Wednesday, April 29, 2009
SC's leaders show no courage on education
For several years now, the main debate when it comes to education policy has been the issue of private school tuition tax credits. Money flows on both ways of the debate. Regardless if one supports school “choice” or is opposed to the tax credits, the truth is that regardless of who prevails in the debate, it will not change South Carolina education.
To change South Carolina’s educational system and prepare the people of South Carolina to compete in a global economy, issues that probably seem impossible to address have to be addressed. Giving K-12 students parents a tax credit is no silver bullet. The status quo does not work. We in South Carolina have to face the hard questions and address the difficult political issues.
First, we must address curriculum in K-12 education. We must check political correctness at the door, because in a competitive world, political correctness only weakens our ability to compete. The state must emphasize the basics of mathematics, sciences, the classics of literature and history, and civic responsibility. We need to graduate students who understand why plants need the Sun, how to balance a checking account, what their civic rights and duties are more than being sensitive to a politically correct group. How can we ever hope to compete in a global economy when our graduates do not know basic chemical formulas, or even basic civics? Tolerating a gay couple will not get one a job in the global economy. Being sensitive and full of self esteem will not pay the bills.
Second, we must act to make administrative cuts and make schools more efficient in their financial operations. The administrative overhead in South Carolina schools is an outrage. Instead of buying computers for teachers and students, we spend millions on salaries of administrators at various levels who jobs are basically to talk to one another. There are ideas floating around about reducing the number of school districts in the state and that is a good start.
Also, the state should look at redefining school administration. Let the Principal have control over teachers. Let the Superintendents have control over their principals. However, the business operations, things like janitorial staff, maintenance staff, cafeteria staff and transportation staff should be under the control of a business manager. It is simply inefficient to have people trained to be educators given jobs to act as business people. Simply put, the business operations of schools should not be ran by people trained in education. One would not ask his lawyer to do his heart bypass surgery, so why do we ask educators to handle the business operations of schools? Frankly, I would take a guy who ran a fast food operation efficiently calling the shots in the school cafeteria over a guy with a PHD in education.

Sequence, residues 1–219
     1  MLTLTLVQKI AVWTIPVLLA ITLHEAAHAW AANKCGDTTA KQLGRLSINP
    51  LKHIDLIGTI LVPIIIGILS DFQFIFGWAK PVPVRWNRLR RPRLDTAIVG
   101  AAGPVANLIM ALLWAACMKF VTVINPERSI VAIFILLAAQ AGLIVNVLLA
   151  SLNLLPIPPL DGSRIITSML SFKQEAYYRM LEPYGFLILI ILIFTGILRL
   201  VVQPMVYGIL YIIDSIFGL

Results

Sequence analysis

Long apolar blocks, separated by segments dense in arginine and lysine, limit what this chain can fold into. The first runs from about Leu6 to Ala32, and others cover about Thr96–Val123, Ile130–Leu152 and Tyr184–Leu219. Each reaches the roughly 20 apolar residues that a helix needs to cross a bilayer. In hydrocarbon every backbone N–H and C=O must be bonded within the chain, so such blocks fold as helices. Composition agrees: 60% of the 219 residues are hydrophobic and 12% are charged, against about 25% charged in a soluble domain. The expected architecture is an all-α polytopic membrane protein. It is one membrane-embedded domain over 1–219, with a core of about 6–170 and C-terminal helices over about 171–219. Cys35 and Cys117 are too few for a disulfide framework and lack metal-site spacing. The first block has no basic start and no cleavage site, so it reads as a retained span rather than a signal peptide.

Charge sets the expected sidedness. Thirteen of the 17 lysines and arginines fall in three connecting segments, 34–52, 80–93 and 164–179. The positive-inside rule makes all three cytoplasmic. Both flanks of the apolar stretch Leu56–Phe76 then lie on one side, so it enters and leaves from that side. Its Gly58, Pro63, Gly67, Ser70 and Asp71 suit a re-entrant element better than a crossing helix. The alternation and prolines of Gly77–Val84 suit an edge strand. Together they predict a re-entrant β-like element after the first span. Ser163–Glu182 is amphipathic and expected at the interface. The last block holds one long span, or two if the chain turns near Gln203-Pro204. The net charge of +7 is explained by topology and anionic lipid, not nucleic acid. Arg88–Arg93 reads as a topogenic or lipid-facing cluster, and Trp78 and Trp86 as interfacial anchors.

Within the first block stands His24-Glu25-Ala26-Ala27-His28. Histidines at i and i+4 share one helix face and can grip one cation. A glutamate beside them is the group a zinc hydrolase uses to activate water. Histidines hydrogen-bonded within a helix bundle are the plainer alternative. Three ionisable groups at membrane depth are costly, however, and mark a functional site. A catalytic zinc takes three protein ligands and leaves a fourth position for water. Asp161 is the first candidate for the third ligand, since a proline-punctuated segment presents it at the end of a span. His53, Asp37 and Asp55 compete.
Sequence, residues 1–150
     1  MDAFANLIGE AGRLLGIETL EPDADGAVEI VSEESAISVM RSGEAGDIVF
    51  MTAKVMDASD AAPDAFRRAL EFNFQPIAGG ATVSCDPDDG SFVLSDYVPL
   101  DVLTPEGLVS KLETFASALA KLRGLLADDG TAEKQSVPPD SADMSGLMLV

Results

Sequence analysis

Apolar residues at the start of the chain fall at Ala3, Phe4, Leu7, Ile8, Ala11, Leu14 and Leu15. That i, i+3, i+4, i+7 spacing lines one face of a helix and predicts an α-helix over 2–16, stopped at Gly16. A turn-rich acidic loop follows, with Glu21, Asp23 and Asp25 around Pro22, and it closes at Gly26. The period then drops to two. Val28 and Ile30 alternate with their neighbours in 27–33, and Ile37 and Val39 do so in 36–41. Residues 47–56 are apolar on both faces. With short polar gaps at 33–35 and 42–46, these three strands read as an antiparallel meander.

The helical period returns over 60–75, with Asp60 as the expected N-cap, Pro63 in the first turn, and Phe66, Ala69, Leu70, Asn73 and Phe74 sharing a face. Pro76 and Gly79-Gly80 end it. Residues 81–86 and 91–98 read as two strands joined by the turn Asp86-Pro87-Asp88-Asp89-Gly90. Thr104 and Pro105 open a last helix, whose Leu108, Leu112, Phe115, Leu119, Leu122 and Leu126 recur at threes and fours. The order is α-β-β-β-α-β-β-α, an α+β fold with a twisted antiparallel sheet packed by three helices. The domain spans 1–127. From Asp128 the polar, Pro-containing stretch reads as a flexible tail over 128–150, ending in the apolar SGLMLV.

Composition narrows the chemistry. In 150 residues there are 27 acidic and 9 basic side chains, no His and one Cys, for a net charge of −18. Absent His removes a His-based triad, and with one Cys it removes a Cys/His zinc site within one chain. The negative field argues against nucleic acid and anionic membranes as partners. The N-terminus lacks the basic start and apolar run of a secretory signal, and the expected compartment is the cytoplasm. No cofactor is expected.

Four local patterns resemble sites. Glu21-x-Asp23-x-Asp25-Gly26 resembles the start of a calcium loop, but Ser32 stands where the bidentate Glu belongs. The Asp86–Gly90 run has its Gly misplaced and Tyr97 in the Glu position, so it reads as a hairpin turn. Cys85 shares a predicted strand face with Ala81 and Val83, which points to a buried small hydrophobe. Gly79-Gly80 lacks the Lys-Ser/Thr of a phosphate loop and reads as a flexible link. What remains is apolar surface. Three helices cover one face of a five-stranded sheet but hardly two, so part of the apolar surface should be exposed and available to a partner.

Third, we have to realize what we are truly up against. South Carolina has far too many adults who are undereducated and do not appreciate the value of education. That is where the real debate should be. If we have tuition tax credits, reform the curriculums and institute efficiency, it will not matter if parents do not have the skills to understand their choices and foster a culture that teaches their children that success is not an option for them.
The state can act by making adult education more accessible. Make no mistake that is South Carolina’s biggest challenge. Thousands of jobs, and the tax revenues those jobs could have created, have gone elsewhere over the past few years because our adult workforce was not skilled and ready to compete. Because of that thousands of South Carolinians either remain unemployed or take low skill jobs. When those South Carolinians come home at night, they see no better way for their children. The cycle of failure spins around, and no amount of tax cuts and tax credits will stop that cycle.
South Carolina’s political leaders in both political parties have to have some courage. They have to stand up for people that have not made big campaign contributions. They have to stand up against lobbyists who say the status quo is okay. They have to step on the toes of constituencies who would rather play the victim. To truly reform South Carolina’s educational system and move the state forward, South Carolina’s leaders must transform parts of South Carolina from a culture that celebrates failure into a culture that celebrates achievement.
By achievement, I am not talking about the classic ideal of a college education. Frankly, a good electrician is probably more valuable than a guy with a degree in Art History. If South Carolina can shift the areas in the culture of failure to people who are skilled and proud of their trades, and know how to compete, then the problems of low education ratings, low health ratings and high unemployment ratings will be solved.
Governor Sanford and his cohorts think that they have the silver bullet to fix this state with tuition tax credits. The education establishment types think they have the silver bullet to fix this state with more money for the status quo. Both are well paid to be wrong. If there is a silver bullet with education, it is doing the hard things with curriculum and administration, and educating adults to be skilled.
Fixing education is key to making South Carolina competitive in the global economy. The problem South Carolina has is that its leaders seem unwilling to have the courage to do the real work needed.